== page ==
Saturday, June 4, 2011

Folktales and Tradition

We don't grow up much on traditional tales anymore.

The old standbys, Goldilocks, Snow-White, Sleeping Beauty, we know them better from cartoons than from the actual, original stories. A lot is lost in the translation from Traditional Storytelling to modern rendition. The folklorist in me, who favors the old tales and ancient epics, laments the loss.

The folklorist in me also looks at the "new versions" and realizes that a new Tradition is being created for a new era, where reading, and especially reading for leisure, is taken for granted; where one doesn't need to travel miles and miles to see a show, but can call it up on one's TV at the press of a button.

It is bad or good? Better or worse? A folklorist doesn't pass judgment. It's for politicians and social activists. A folklorist observes: this is how it is. A folklorist may comment on the changes and the rise of new traditions, but a folklorist doesn't pass judgment.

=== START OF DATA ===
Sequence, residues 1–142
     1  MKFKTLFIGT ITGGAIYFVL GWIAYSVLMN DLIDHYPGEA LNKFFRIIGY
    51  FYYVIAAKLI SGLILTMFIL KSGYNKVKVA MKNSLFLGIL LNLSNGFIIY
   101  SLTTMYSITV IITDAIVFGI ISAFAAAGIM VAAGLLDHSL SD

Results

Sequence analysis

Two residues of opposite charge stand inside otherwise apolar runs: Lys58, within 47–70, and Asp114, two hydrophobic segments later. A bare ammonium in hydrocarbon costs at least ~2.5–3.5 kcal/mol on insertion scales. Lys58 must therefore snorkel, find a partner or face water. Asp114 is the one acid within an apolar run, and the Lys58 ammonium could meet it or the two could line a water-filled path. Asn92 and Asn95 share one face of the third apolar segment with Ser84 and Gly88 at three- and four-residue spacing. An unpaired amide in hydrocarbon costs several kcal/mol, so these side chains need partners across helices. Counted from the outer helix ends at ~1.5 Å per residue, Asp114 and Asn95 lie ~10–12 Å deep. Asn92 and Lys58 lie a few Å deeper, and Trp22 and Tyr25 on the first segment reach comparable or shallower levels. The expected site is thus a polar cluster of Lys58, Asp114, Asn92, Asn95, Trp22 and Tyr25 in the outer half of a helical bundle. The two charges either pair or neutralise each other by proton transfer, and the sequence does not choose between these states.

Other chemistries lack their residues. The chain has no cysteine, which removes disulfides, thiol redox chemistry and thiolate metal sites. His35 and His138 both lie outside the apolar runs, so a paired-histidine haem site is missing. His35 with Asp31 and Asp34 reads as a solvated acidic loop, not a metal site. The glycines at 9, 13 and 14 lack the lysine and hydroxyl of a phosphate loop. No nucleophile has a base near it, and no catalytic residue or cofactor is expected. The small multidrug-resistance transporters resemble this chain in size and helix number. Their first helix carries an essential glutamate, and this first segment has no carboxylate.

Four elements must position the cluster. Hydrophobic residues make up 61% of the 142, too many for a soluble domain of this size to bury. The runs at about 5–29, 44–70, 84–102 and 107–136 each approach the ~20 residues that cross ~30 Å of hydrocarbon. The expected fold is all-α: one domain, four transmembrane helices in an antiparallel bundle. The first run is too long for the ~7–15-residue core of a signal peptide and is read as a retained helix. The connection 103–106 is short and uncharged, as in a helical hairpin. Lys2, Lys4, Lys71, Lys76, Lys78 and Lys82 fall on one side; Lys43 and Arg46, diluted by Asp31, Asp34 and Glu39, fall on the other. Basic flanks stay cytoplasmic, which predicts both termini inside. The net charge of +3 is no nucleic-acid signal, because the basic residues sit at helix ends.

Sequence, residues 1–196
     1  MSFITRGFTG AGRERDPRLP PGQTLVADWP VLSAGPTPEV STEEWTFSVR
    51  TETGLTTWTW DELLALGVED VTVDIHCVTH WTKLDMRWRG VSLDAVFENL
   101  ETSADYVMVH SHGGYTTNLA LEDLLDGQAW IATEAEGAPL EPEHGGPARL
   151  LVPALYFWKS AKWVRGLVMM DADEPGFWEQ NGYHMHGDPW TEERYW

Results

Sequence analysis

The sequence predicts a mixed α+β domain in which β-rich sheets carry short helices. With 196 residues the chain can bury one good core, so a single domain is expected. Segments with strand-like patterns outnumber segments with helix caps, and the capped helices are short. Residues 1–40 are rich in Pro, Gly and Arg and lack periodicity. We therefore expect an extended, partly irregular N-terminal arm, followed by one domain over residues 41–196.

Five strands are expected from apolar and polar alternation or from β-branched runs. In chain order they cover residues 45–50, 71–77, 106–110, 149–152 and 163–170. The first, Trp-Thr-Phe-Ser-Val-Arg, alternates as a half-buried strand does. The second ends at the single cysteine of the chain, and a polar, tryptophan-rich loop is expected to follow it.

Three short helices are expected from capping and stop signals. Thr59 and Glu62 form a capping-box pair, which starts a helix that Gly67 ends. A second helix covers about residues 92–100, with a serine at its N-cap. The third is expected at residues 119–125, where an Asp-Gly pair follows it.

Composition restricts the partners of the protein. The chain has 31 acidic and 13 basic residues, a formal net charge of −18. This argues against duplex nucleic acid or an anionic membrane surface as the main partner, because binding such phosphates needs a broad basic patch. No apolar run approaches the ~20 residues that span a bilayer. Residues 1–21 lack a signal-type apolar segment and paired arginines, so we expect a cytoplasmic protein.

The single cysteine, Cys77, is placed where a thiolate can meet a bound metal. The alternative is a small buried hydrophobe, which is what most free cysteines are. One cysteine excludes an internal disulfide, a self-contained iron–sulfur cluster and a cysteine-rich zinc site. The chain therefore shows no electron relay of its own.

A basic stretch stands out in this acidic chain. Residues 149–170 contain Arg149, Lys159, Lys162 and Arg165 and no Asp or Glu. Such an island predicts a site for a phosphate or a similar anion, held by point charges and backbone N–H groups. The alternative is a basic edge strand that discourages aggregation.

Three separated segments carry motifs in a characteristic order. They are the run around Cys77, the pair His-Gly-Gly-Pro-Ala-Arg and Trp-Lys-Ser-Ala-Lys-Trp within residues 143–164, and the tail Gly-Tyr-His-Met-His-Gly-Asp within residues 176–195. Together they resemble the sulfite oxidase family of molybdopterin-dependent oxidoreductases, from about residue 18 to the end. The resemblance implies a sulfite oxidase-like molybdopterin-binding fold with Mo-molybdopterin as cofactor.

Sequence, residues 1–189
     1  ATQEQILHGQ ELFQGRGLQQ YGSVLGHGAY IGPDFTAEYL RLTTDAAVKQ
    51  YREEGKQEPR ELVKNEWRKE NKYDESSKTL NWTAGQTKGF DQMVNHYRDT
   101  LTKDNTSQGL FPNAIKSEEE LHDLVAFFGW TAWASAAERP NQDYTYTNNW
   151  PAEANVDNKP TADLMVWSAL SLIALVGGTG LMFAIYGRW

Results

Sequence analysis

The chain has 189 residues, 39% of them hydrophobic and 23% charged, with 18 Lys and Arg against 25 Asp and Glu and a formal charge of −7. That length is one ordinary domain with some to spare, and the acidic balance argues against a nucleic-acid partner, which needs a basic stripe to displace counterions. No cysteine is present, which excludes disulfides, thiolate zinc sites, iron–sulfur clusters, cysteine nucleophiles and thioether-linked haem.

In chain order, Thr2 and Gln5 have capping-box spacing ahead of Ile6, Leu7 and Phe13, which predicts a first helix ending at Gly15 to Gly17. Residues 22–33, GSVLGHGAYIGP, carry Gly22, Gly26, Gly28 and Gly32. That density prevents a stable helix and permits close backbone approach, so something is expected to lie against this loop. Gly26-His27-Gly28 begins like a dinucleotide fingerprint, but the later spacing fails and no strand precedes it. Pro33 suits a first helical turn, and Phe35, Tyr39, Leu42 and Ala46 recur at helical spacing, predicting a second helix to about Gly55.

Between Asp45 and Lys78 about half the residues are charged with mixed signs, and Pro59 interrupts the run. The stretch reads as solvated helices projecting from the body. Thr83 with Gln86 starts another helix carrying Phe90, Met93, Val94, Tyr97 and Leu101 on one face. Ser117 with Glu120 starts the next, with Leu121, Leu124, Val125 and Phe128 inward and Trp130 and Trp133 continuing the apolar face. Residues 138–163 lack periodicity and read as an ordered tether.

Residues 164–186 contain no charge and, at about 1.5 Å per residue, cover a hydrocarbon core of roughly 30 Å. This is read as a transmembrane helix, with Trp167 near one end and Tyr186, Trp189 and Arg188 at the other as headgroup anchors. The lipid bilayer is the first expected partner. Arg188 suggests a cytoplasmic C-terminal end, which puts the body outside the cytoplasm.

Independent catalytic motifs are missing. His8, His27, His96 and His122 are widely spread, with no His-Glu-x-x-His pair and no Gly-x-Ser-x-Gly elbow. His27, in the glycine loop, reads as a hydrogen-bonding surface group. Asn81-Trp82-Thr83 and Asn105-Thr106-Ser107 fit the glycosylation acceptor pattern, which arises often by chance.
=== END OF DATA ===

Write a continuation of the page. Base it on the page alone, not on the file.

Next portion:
How about the person who is also a folklorist? That person cannot be fully objective. Writers know that the emotional response will determine the choice of words, of rhythm, of other writing strategies that are mostly unconscious, even in non-fiction and in the spoken word.

Me, I prefer traditional tales. I teach about them, I share them whenever I can. It's my thing. However, I don't see the modernized versions as the product of evil manipulation. Like the old tales, the modern, televised, comic-ized, cartoonized tales based on old stories, are a Tradition in that is it shared by a group of people, and the sharing creates a bond of familiarity. It's not the village square anymore, where the Minstrel stops to sing about Saint George and the dragon.

It's TV, and then Social Media, and the function of the tale remains: to define a group, a community, those who are in the know and those who are not.

Consider this: an immigrant into the United States today will not feel truly at home in the larger American society until he becomes familiar with icons of pop culture. Not a fan, just familiar.

Everybody knows Bugs Bunny. And Disney. And if you're completely unaware of these two (as an example), then you will miss out on a lot of hints, references, and especially humor.

And that is Tradition: things that define a group and unifies it.

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